As a trainer I began my career focusing on what I could teach horses, yet as my understanding grew I found that true training is a two-way street. Horses teach us as much, or even more, than we teach them. I have learned how to be a better trainer by being attentive to the lessons the horses have taught me through the years. These lessons are countless but here are those I’ve found most valuable.
Years ago I worked with a Arabian gelding that could not focus for more than two-seconds at a time. I was constantly trying grab his attention. As I nagged he became more frustrated and I became more forceful. Though I was using methods I had successfully used in the past, this particular horse wasn’t interested in following my program. Eventually I realized my approach wasn’t taking the horse into consideration at all. This horse was easily distracted because he was scared. He was frightened by what was going on around him but without the skills to deal with his anxiety he couldn’t relax. Once I understood his feelings, our work together became productive and a joy. I credit this particular horse with my current direction as a trainer, helping each horse to be relaxed and receptive during the training process.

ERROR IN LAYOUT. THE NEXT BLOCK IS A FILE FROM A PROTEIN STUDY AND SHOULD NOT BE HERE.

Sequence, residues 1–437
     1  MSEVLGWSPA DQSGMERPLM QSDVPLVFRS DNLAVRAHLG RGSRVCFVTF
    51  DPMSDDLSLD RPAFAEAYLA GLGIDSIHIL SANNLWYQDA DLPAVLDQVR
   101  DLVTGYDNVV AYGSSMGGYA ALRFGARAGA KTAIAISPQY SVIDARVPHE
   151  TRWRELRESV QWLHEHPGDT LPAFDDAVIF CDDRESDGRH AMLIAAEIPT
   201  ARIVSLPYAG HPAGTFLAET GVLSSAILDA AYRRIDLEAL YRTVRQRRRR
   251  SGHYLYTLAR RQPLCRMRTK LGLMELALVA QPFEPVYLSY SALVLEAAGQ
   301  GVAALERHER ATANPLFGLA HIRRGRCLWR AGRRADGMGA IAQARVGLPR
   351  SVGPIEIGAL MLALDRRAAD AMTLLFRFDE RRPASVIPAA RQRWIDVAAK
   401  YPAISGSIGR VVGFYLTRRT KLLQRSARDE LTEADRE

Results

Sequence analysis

I want a horse to give me his all. For this to happen I realize that I need to give my all in return. This means that I provide: comfortable and suitable tack; clear communication; proper diet; well-maintained feet; regular dental care; and adequate conditioning for the work. Above all I am aware of a horse’s inherent capabilities, his strengths and limitations. I measure success only when he has reached his athletic potential in a way that is emotionally and physically beneficial and not in any way injurious.
Horses need to feel secure in themselves to be capable of performing on the ground and under saddle and for your safety as well. This confidence is achieved when a horse trusts the human who’s handling him. Horses are genetically preprogrammed to run or fight when they feel threatened, so they rely on us to guide them through the maze of distractions and sensations they encounter. We also ask them to carry out tasks they wouldn’t otherwise do. A horse is certain he can do what is asked of him when he feels comfortable and safe. He shows his confidence with a ready and willing demeanor. By being a calm and supportive leader, I show him that I have his back and that he’s safe with me, thus confidence is achieved not by expectation but by example.
Learning something new each and every day
This is what I love most about horses. I know I can never learn it all, but I cherish every new insight. They allow me to better connect with and help the horses I train – my way of giving back to them for all they have given me.